At the very least, join us in the ACS Network at www.acs.org/payingitforward. Fill out the information in your profile (employer, publications, research interests), to make yourself more findable and more valuable. Join us for an unprecedented ACS Global Networking Reception on Aug. 30 at 4 PM MDT (6 PM EDT). The main reception will be in Denver at the ACS national meeting, but many local sections, student chapters, and international chapters will be hosting satellite events, and you can attend virtually by registering for the ACS Virtual Career Fair at www.acs.org/careerfair.

No matter what your career stage, you can help yourself and others by nurturing your own professional network. Join the ACS Network, connect to others, and participate in discussions. Organize local section meetings, and encourage your colleagues to attend. Organize a technical session for your division at a regional or national meeting. Be aware of what’s going on around you. Seek out opportunities to get involved and to pass useful information and resources on to professional colleagues. Pay it forward as much as you can, and you will be prepared when you need to tap into your network yourself.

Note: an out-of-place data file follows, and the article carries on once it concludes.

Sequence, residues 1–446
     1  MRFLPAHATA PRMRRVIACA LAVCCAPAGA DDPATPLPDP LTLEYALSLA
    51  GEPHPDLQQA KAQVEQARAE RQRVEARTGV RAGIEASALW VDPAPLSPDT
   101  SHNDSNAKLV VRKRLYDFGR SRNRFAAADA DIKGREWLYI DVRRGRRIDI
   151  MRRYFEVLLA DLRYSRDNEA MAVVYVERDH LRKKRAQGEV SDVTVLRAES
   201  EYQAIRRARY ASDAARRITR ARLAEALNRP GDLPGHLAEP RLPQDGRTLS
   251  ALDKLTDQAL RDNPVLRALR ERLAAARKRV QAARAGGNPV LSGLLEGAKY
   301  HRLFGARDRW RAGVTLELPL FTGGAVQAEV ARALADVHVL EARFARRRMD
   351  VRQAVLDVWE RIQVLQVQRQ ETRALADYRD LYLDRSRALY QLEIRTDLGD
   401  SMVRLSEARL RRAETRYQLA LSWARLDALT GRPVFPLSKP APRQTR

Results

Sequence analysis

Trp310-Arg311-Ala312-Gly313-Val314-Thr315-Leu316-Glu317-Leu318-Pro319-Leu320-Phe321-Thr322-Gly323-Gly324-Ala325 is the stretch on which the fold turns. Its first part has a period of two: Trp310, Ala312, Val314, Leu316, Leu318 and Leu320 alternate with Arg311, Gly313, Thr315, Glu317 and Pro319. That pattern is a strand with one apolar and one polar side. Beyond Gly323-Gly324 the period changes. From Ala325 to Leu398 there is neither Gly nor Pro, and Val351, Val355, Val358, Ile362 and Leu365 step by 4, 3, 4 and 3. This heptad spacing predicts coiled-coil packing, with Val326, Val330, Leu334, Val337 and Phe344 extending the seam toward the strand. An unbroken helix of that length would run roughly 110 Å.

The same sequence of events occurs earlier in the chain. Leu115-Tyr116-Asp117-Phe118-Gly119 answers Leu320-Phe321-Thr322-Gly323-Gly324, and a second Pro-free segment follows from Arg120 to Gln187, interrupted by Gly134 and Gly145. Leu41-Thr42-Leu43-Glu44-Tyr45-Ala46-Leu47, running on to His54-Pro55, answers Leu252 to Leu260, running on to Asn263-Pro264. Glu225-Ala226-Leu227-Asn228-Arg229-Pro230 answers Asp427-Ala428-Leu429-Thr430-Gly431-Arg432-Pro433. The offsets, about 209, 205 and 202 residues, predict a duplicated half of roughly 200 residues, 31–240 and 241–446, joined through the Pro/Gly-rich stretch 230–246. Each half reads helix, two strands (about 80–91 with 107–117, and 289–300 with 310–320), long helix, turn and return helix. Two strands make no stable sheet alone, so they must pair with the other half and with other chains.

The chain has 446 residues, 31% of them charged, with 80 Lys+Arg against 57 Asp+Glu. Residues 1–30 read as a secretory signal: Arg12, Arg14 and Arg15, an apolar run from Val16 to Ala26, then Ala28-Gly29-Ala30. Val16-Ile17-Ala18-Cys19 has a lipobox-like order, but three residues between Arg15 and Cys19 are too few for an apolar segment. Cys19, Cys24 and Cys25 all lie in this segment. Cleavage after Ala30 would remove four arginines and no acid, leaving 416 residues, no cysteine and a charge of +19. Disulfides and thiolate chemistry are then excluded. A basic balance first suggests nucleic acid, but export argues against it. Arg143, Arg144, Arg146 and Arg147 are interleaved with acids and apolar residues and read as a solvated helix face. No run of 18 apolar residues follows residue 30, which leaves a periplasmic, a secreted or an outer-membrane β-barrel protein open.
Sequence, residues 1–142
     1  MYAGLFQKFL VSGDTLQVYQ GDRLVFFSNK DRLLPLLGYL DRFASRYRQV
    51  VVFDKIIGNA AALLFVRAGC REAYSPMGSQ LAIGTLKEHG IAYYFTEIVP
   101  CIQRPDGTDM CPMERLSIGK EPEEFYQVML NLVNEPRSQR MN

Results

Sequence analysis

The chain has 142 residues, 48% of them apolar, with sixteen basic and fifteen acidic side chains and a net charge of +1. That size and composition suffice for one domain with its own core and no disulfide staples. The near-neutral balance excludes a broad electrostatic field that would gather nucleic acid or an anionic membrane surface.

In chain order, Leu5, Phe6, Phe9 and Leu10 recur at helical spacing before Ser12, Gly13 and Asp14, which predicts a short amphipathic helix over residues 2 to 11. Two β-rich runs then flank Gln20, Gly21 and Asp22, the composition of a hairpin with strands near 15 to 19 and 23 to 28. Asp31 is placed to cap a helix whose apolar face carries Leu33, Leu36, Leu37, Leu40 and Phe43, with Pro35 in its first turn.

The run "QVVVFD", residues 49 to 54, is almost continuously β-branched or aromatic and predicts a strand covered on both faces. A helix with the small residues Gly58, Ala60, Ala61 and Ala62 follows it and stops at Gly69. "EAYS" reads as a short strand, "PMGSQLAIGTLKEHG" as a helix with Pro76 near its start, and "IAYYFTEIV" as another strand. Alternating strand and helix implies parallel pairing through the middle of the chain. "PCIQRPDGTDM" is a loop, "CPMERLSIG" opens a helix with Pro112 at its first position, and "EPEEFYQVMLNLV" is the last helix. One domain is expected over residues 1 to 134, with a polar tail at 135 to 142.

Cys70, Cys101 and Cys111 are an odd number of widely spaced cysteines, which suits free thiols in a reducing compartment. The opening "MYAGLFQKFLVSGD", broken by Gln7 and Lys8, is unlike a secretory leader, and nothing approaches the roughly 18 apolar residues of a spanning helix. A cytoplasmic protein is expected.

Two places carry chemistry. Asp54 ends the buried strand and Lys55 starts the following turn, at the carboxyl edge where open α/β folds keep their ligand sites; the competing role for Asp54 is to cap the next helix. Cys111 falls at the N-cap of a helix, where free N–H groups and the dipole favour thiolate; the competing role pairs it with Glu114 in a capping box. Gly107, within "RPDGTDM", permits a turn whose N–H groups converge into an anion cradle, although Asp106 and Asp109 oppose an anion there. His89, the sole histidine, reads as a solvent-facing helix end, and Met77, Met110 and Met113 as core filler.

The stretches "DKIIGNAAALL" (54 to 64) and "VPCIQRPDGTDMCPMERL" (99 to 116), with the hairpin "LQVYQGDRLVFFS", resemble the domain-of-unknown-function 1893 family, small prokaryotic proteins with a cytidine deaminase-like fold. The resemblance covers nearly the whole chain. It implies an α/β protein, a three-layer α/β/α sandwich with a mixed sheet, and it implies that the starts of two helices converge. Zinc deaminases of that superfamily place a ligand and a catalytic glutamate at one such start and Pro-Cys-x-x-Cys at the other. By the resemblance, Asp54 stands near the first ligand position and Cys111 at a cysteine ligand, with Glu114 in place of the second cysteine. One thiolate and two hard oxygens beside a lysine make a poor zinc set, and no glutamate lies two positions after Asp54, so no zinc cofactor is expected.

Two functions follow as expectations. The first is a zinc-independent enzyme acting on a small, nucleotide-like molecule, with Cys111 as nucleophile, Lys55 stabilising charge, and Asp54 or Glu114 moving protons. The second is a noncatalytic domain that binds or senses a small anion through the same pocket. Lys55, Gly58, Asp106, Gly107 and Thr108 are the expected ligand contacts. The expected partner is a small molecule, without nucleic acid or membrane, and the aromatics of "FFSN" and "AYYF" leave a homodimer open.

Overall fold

Lisa M. Balbes, Chair, Committee on Economic & Professional Affairs

Views expressed on this page are those of the author and not necessarily those of ACS.